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The ‘Industrial Crisis’ of the English Textile Towns, c.1290 – c.1330

The ‘Industrial Crisis’ of the English Textile Towns, c.1290 – c.1330

By John Munro

University of Toronto Working Paper, 1998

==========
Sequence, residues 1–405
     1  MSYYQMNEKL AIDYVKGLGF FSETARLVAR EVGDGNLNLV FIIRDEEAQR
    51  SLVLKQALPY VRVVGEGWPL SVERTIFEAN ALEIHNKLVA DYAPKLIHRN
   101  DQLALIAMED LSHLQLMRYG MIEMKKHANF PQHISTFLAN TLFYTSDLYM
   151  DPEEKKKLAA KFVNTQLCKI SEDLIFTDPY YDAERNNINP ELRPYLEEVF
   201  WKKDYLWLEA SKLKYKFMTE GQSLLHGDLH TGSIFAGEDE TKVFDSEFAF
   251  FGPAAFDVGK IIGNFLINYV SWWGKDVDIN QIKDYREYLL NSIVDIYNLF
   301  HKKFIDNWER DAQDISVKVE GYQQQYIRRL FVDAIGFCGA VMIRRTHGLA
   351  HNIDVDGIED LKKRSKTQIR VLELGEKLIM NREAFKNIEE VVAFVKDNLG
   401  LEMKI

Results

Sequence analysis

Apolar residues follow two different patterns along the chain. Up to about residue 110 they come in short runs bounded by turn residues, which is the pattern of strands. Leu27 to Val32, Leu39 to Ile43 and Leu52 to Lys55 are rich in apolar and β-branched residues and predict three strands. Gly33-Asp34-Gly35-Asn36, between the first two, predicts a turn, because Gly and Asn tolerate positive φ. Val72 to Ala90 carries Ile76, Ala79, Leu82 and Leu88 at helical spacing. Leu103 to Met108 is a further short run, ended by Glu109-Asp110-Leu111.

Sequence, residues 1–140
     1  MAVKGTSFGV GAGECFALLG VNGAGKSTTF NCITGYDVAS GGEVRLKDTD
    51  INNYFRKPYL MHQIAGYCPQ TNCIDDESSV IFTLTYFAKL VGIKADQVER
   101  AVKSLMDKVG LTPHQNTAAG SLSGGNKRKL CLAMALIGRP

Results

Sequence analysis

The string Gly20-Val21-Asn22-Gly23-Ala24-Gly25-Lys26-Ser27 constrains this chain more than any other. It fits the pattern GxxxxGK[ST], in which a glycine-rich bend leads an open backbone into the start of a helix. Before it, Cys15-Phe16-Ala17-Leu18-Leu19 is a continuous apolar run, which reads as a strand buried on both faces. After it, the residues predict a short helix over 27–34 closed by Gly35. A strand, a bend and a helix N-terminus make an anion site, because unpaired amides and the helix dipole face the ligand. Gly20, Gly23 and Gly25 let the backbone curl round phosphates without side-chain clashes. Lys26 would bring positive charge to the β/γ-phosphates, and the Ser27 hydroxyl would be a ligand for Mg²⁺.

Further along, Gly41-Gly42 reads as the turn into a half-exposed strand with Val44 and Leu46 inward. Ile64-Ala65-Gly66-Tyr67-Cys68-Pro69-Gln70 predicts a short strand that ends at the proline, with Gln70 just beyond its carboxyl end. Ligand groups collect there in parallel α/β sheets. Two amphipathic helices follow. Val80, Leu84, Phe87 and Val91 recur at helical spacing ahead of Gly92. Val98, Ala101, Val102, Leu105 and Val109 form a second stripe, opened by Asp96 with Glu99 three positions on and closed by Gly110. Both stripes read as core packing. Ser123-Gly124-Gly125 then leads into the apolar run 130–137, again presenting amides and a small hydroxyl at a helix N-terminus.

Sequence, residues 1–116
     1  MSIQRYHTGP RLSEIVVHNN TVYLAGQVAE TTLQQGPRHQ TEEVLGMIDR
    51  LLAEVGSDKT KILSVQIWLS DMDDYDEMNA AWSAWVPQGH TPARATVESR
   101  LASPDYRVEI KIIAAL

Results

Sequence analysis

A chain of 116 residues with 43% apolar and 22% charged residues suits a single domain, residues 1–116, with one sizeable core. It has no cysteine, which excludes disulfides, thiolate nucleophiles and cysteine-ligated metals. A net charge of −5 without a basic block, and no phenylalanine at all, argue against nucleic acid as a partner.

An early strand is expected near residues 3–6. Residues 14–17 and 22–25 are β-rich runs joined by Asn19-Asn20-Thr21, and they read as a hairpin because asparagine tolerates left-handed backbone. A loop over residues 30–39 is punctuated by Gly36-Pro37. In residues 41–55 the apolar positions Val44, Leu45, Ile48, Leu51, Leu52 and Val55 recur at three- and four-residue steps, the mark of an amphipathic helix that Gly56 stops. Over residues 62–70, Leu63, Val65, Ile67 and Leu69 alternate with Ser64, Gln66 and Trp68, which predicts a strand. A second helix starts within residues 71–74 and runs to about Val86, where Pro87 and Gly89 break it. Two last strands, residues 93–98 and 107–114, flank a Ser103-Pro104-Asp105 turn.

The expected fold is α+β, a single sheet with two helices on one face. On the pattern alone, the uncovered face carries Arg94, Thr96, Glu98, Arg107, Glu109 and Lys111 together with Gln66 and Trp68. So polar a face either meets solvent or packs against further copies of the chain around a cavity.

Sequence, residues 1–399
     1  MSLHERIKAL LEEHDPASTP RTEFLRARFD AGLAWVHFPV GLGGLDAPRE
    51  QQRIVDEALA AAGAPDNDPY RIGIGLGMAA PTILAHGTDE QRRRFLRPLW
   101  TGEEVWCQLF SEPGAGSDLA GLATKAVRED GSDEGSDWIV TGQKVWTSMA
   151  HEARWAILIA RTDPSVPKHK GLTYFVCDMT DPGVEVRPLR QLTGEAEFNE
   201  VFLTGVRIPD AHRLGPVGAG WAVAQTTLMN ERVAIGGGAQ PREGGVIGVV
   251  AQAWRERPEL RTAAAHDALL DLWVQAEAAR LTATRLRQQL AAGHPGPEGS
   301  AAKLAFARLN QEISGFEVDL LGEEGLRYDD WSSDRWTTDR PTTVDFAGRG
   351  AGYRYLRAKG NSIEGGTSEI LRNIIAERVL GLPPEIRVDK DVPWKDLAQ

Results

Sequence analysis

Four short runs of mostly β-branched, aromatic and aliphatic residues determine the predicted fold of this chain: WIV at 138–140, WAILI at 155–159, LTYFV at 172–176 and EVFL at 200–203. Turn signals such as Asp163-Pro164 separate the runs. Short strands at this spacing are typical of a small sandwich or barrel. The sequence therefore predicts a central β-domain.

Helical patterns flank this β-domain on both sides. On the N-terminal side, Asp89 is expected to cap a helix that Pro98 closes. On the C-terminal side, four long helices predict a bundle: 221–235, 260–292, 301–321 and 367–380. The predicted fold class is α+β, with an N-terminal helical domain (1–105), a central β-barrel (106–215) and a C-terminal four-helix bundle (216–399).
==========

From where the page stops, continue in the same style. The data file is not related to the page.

Abstract: The paper’s thesis is that the chief causes for the well-known `industrial crisis’ of the traditional English textile towns during the period c.1290 – c.1340 was not the emergence of supposedly superior, lower-cost rural competition, as is generally supposed, but rather a far-reaching economic crisis that was afflicting their major cloth markets, those in the Mediterranean basin; and furthermore, that during this same era almost all of the textile towns, small and large, in northern France and the Low Countries were then experiencing an almost identical crisis. Most of these northern textile producers had been sending the bulk of their exports as price-takers’, in the form of cheap, coarse, light, undifferentiated textiles, to the Mediterranean, where warm climates, mass urban markets, and — during the 12th and 13th centuries — low transaction costs had made such exports from north-west Europe profitable. From the 1290s, however, the entire Mediterranean basin and much of wester Europe were beset with incessant, spreading warfare, piracy, and political instability, which cumulatively led to rising taxes, transport, and marketing costs, while disrupting and contracting markets; by the 1320s transaction costs had risen to such a high level that northern producers could no longer profit from sending send cheap textiles over such long and hazardous routes to what had become saturated Mediterranean markets. For reasons explored elsewhere, by the 1340s, some Flemish and Brabantine towns had adjusted to this crisis by shifting production, as `price-makers’, to very high-priced highly differentiated luxury woollens, which could better bear these rising transaction costs. From the 1360s, English cloth manufacturers pursued this same route, while enjoying a virtual monopoly on very high quality wools, and the protection of high export taxes on those wools to overseas competitors producing luxury woollens. In this era production from the now revived and expanding English cloth industry was in fact still much more urban than rural. The more pronounced though still gradual shift to rural cloth making took place in the following century, for reasons beyond the scope of this paper.

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